It was July, 26th 2005. The Day Mumbai, the city on the Indian west coast, the Financial capital of the country, the Indian metropolis came to a complete stand still. The unprecedented rainfall causing floods, almost marooned the island city.
The city received 37 inches of rainfall in a period of 24 hours as against the usually high 8 inches. It was a Tuesday and being a working day effected the lives of every single resident of the city. Trains, the lifeline of the Mumbai, came to a grinding halt, traffic was bursting the roads, buses couldn’t ply on the roads, leaving all commuters including schoolchildren stranded in the middle of nowhere. Land lines, mobile phone services and power supply went dead in many areas. Highways connecting the city got blocked and the airports had to be closed.
On that fateful Tuesday, I was at work. The heavy downpour started at noon. Everybody began getting calls from home informing that the trains were running late and schools had been closed early. Our manager asked us to leave, but there wasn’t anything alarming. One of the usual heavy downpours of the season I thought. But we all left anyways.
It was pouring and there was 3 inches of water on the road. Luckily the bus going towards my house stopped at the bus stop. I was completely drenched and feeling cold. As I sat in the bus trying to dry myself, I noticed the bus was crawling forward. I looked out of the window; the road was a scary sight. The entire place was flooded.
There was a long line of stranded vehicles, people were wading through the flood waters, people carried kids on their heads as the water had now reached 10 inches. I decided it was safer to stay in the bus than be stranded in the floods with the unceasing rain.
As the evening passed, there were fewer people on the road and the bus had become stationary. The water levels must have reached 20 inches. I had to somehow inform my parents at home that I was safe. But the mobile networks were down. Suddenly we saw the street lights go off. Somebody in the bus mentioned it was to avoid electrocution and fires. We now saw the water levels rise tilthe bus doorstep. The bus was no more safe.
The rain stopped for a while. A couple of people living close to my house decided to wade through the water to get home. That was the only way of survival I thought. I decided to join them too.
We formed a human chain and got into the water. The flood waters were cold. Besides they were dirty. As I landed on my feet I realized the water was up to to my neck. The man heading the human chain used his umbrella to guide his step. All of us began walking.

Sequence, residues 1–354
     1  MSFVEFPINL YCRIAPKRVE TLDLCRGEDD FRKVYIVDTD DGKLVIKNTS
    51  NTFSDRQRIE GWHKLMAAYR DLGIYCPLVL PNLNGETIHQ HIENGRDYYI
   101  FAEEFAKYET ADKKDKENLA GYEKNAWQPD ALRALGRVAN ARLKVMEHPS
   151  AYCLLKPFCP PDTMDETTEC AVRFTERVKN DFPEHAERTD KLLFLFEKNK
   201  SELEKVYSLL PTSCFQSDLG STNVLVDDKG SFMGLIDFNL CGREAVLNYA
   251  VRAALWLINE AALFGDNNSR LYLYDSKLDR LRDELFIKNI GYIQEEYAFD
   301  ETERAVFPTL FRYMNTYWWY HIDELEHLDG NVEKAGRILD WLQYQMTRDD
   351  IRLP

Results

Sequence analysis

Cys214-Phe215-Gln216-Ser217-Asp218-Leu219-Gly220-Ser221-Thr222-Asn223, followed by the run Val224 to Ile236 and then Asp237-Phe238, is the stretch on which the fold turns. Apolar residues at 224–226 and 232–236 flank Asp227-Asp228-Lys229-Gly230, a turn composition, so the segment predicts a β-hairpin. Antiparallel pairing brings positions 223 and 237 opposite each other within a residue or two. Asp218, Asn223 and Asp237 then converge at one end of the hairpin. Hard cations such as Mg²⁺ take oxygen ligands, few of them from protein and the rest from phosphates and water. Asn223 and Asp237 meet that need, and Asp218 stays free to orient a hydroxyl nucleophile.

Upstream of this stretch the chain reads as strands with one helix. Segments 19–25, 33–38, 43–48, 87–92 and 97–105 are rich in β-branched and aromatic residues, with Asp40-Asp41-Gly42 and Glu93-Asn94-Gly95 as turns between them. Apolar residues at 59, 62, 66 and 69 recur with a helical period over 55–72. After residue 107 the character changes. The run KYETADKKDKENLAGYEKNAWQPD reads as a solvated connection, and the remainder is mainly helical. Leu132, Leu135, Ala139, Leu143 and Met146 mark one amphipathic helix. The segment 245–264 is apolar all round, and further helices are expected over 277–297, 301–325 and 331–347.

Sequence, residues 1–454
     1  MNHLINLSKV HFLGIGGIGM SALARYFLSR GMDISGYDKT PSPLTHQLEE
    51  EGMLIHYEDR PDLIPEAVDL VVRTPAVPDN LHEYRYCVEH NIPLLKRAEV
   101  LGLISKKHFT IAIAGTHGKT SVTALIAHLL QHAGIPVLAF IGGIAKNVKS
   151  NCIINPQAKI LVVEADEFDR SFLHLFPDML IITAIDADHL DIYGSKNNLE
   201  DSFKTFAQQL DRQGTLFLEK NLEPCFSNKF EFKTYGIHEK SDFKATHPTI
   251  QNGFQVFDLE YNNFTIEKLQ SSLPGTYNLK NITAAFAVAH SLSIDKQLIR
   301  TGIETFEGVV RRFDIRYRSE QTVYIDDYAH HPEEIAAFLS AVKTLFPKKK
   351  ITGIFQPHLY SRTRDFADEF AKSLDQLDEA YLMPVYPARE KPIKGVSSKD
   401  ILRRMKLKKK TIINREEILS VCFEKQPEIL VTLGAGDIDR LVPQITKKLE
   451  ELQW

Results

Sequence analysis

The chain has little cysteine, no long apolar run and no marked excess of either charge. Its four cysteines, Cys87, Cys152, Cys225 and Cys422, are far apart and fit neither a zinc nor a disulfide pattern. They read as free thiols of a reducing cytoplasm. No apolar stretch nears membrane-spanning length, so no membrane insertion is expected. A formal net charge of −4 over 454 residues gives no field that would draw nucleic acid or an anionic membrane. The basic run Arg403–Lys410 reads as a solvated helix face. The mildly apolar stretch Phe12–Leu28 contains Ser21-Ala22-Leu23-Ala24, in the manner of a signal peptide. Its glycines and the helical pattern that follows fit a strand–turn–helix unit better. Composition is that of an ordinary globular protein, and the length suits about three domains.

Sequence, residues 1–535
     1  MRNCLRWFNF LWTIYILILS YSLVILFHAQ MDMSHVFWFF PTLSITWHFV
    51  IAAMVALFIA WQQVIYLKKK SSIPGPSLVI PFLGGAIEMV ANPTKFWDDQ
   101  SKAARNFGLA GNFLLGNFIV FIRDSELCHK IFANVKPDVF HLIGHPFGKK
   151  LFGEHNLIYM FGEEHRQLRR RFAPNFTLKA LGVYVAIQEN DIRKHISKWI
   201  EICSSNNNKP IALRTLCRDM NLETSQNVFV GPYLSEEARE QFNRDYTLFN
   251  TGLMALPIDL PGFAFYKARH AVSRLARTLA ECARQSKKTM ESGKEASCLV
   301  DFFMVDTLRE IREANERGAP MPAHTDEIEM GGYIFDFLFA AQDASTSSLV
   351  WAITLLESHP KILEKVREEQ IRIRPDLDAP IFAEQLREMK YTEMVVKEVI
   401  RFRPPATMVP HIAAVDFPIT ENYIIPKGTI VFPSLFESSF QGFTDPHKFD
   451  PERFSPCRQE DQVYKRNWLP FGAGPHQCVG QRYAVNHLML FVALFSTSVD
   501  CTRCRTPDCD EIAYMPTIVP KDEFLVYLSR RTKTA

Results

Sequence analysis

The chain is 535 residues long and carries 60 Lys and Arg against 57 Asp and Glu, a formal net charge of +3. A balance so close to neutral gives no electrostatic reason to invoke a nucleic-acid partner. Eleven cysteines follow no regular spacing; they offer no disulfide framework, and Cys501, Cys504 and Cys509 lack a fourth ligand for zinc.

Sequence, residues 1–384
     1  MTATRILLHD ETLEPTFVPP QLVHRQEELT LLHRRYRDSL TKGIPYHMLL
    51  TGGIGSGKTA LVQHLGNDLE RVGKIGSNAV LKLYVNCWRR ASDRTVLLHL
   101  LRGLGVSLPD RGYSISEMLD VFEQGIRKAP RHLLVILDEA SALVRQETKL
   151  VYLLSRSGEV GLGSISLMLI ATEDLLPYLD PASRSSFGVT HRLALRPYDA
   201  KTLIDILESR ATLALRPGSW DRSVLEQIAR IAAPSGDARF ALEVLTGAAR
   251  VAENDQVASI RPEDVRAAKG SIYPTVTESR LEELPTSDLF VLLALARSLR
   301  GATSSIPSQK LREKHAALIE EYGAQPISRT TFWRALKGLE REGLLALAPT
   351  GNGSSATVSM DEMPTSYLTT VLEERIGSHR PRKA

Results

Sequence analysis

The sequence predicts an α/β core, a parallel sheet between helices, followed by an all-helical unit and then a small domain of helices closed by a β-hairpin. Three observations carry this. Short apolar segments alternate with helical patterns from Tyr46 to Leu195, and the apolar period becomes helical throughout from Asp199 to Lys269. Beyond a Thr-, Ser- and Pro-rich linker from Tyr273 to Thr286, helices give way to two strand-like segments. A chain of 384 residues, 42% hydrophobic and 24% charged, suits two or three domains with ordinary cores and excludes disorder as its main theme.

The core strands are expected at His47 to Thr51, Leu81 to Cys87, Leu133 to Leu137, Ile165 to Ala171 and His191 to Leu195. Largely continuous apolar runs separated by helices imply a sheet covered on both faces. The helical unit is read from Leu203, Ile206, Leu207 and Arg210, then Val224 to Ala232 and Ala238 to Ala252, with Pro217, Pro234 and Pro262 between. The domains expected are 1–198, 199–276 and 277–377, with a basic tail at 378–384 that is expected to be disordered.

We were estimated to take at least 2 hours to get home. As we walked, we could see the damage the flood waters had caused to life and property. There were books,caps,folders,school bags,umbrellas floating over the water. But we kept encouraging each other.
We also saw people standing by their apartment complex gates offering biscuit packets and hand towels. Others lending a hand to people who were wading through the water. The best face of humanity was on display.
We walked; hungry, tired, cold but hopeful. I had seen such things on Television. Never in my life did I expect this to happen to me. It was getting difficult to keep my head above water. We all wondered if we would live through this to tell our tale of survival.
Finally we reached our destination. My house is on a high lying area and hence had less flooding. I couldn’t wait anymore. We thanked each other and I ran towards home.
I saw my mum waiting at the balcony hoping to see her daughter. Both of us were overjoyed to see each other. We hugged and she broke down. I looked at the watch, we had walked for 3 hours.
It’s only the next morning when I saw the news on Television I realized that I had been a part of one of the most horrific events in the city’s history. About 406 dead due to drowning, landslides, stampede, electrocution and wall collapse. The were expecting even more loss of human life due to disease, in the coming days.
The Television showed stories about people who tried to wade through the flood waters but were killed either due to electrocution or by being pushed underwater due to the current ; a few just missed a step and fell into a manhole. I could have been one of them I thought. I just thanked God for his grace and said a silent prayer for all those who were effected by the unprecedented floods.